A Matter of Loyalty
By Shawn Carman
In an instant, Akodo Kaneka was wide-awake. His breathing remained deep and even, and he did not move. To anyone looking, it would seem as if he was still fast asleep. Something had awakened him, and he suspected treachery was at its root. The moon was not visible through his window, meaning that it was still late at night. There was no reason for anyone to be near his chambers.
There. The faintest of sounds, coming from across the room. It was the rustling of cloth as someone took a cautious, stealthy step toward him. Most would have missed so soft a sound even when awake. Akodo Kaneka was not most men, however, and now he knew exactly where his attacker was.
Turning slowly, as if tossing about in his sleep, Kaneka rolled toward the side of his mat where his katana lay resting upon its stand. Just as a sleeping man would settle back into his mat, Kaneka suddenly rolled quickly off into the floor and crossed the distance between his mat and the stand in a flash of movement. He felt the cold, comforting weight of his blade’s saya and heard a hushed curse from across the room.
Armed and alert, Akodo Kaneka turned to face his would-be assassin. To his surprise, he found that there were three men in his chambers, each wrapped from head to toe in dark cloth and each with a blade drawn. “Well done,” he said. “Few men would be able to reach my private chambers given how many sentries stand on guard in this castle. Fewer still could come so close to their objective. But one of you is a clumsy fool, and you will all pay the price for that one’s idiocy.”
The middle of the three men glanced harshly once at the man on his left, then back at Kaneka. “Kill him quickly,” he said to his companions. “We have little time.” The other two immediately spread out across the room, moving on opposite sides of Kaneka in an attempt to flank him. With the three of them against one, Kaneka acknowledged that it was the best available strategy, but one that would fail.
No man would stand against the Shogun and live.
The assassin on the left lunged in, drawing Kaneka’s attention. Even as he turned to intercept, he could see the other moving in behind him to take advantage of his unguarded back. In a single, deft motion, Kaneka drew his katana from its saya, lashing out with the wooden sheath in his left hand to strike the first assassin’s blade with such force that it was ripped from his grasp and clattered to the floor. The Shogun did not stop there, however, but allowed the force of his strike to continue spinning him to his right, bending at the waist and kicking out with his left foot. His kick caught the first foe low in the stomach and drove him back against the chamber’s wall with bone-shaking force.
Even as the first man struck the wall, Kaneka felt the blade of the assassin behind him pass inches over his now bent torso. Had he remained in an upright fighting posture, he would have surely been wounded badly, perhaps killed, by such a strike. Unfortunately for his attacker, however, Kaneka had anticipated the strike. Still spinning from his saya strike to the first assassin, the Shogun let the spin give his strike additional power, slicing through the man’s torso easily. He died with a soft, surprised gasp and the faint sound of blood splattering on the wooden floor.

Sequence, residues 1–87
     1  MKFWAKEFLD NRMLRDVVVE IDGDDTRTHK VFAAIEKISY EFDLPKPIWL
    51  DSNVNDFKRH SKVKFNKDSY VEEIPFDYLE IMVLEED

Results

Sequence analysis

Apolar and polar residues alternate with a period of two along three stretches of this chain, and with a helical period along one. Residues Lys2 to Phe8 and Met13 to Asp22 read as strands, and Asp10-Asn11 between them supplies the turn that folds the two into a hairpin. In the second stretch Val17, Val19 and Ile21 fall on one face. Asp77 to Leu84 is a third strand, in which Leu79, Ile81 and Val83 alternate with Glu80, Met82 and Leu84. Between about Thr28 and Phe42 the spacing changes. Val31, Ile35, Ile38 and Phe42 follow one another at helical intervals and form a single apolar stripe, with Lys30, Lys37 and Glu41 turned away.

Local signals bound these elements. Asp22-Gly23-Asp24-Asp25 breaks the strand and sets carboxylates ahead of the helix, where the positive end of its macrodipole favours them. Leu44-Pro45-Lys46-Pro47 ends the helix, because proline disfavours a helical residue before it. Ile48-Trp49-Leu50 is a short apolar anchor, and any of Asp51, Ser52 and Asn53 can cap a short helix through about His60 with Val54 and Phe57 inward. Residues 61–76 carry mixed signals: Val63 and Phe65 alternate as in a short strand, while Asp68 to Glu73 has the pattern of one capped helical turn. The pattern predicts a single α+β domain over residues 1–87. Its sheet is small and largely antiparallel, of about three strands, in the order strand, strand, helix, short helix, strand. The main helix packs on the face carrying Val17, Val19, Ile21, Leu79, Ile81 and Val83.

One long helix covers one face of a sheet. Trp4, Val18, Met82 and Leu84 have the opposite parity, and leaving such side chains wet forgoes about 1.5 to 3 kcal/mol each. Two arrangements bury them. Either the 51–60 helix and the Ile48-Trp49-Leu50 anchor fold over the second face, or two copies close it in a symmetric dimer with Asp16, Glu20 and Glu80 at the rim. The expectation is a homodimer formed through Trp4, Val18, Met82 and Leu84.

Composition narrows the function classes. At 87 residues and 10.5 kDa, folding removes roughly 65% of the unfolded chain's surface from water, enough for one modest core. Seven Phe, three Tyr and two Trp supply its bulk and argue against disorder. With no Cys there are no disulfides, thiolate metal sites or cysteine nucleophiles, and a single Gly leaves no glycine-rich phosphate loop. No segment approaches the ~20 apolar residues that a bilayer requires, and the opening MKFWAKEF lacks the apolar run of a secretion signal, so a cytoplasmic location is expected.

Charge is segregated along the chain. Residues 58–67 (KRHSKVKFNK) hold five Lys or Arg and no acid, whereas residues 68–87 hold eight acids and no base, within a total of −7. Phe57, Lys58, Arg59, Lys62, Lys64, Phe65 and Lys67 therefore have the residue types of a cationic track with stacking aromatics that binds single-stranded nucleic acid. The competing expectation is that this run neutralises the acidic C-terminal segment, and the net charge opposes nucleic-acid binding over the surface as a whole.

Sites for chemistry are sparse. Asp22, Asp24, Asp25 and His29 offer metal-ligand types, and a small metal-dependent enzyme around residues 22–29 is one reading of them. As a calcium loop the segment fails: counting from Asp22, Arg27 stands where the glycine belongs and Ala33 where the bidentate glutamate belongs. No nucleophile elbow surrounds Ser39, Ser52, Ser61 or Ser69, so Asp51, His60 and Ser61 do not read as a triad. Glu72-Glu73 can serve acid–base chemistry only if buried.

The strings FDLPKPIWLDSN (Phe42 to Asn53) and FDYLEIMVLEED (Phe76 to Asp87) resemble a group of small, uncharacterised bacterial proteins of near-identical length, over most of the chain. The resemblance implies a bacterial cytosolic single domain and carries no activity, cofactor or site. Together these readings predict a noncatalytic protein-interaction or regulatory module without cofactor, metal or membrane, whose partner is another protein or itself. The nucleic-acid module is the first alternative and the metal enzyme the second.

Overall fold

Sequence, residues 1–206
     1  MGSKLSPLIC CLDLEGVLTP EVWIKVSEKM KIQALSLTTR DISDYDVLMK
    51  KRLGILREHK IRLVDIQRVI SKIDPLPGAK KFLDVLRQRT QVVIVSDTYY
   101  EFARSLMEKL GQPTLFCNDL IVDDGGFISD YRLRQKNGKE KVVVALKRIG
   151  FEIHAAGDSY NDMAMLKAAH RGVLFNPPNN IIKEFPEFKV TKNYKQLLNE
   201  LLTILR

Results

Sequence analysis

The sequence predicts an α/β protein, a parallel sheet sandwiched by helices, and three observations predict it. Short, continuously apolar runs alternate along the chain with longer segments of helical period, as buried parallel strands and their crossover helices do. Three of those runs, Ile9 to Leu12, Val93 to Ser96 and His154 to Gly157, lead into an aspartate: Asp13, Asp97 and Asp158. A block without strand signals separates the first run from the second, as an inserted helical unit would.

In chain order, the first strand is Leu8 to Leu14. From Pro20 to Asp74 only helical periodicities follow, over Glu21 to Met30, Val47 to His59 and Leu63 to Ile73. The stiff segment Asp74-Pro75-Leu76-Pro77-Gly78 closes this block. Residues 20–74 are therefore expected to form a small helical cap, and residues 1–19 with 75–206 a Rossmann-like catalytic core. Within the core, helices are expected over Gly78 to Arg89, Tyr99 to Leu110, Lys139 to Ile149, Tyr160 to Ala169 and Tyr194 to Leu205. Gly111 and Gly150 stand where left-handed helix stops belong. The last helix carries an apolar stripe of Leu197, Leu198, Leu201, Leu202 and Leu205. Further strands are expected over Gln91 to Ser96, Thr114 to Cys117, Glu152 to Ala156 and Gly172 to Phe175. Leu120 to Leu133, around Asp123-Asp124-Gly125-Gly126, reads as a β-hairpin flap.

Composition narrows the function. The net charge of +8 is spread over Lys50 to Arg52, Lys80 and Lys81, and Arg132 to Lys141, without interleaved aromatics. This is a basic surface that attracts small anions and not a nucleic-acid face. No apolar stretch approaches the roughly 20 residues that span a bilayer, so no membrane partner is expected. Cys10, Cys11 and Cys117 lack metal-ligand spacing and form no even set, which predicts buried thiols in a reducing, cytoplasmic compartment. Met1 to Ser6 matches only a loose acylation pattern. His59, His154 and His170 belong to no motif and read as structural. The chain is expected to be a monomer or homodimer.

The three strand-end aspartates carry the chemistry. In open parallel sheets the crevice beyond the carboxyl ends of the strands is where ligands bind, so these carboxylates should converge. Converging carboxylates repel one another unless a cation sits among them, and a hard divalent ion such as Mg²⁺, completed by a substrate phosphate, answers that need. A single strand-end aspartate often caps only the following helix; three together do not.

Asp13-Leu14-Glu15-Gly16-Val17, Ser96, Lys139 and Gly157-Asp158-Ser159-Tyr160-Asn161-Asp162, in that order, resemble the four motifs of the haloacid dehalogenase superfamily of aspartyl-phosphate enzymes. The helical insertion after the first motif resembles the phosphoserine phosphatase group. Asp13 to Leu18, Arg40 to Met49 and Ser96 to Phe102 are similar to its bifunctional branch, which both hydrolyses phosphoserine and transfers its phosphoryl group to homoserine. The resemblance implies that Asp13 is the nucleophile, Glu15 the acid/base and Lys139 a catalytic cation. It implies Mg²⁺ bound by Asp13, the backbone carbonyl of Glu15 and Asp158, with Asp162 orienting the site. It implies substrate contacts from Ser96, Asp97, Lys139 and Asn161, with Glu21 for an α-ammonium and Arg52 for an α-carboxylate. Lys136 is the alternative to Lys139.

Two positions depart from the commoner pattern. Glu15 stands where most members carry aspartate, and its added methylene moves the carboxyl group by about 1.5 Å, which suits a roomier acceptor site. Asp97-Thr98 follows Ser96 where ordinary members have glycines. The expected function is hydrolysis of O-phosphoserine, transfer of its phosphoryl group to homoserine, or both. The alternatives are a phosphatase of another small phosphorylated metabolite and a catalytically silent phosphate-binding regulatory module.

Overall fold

Kaneka finished his spin and straightened to his full height. Almost casually, he turned and drove his blade through the first assassin, who had just begun to rise from where he had slumped against the wall, pinning him there. He fixed the last man with an emotionless glare. “Your men are dead. You will follow them.”
“I don’t think so,” hissed the man. He feinted toward the door as if to run, then suddenly withdrew a small knife from his belt and hurled it at Kaneka. The dim light allowed the Shogun the briefest glimpse of the pale green glint on the steel edge of the blade. He spun again, this time to his left and away from the blade. For the second time in less than a minute, he felt the stirring of air as steel passed within an inch of his flesh. Kaneka finished his spin and loosed his saya, sending in whirling across the room to strike the last assassin squarely in the face. The crack of wood on bone assured Kaneka that his enemy would not soon recover.
Kaneka had crossed the room before the man even hit the floor. He tore the assassin’s blade away with brutal force, then knelt and clasped the man’s throat in one powerful hand. “No one threatens my life and lives. No one.”
A sudden blow from behind staggered Kaneka and sent him rolling away from the head assassin. Recovering, he saw that, to his amazement, the man he had pinned to the wall had torn himself free and was lunging after him with his blade held in his single functioning arm. Behind him, the lead assassin leapt nimbly out the window and disappeared into the treetops below.
Bellowing in rage, Kaneka forsook his weapon and lunged forward, colliding with the one remaining assailant and sending them both to the floor. He grabbed his enemy’s weapon hand a crushed with all his strength, feeling the bones in the man’s hand crack and shatter in his iron grip. Once the weapon was gone, he quickly shifted his grip to the man’s throat, just as he had done to the escaped assassin.
“Wait,” rasped the man. “If you kill me, you’ll never know who sent us!”
“I will find that out on my own, fool,” Kaneka snarled. He tightened his grip, felt the man’s windpipe collapse in his clutches, and then released, allowing the dead man’s head to rap sharply against the floor.
A pair of guards burst into the room, blades drawn. Both bore Lion mons. They took a quick assessment of the room, lowered their blades, and bowed. “Six sentries have been found killed, Shogun,” one offered. “Poisoned darts.”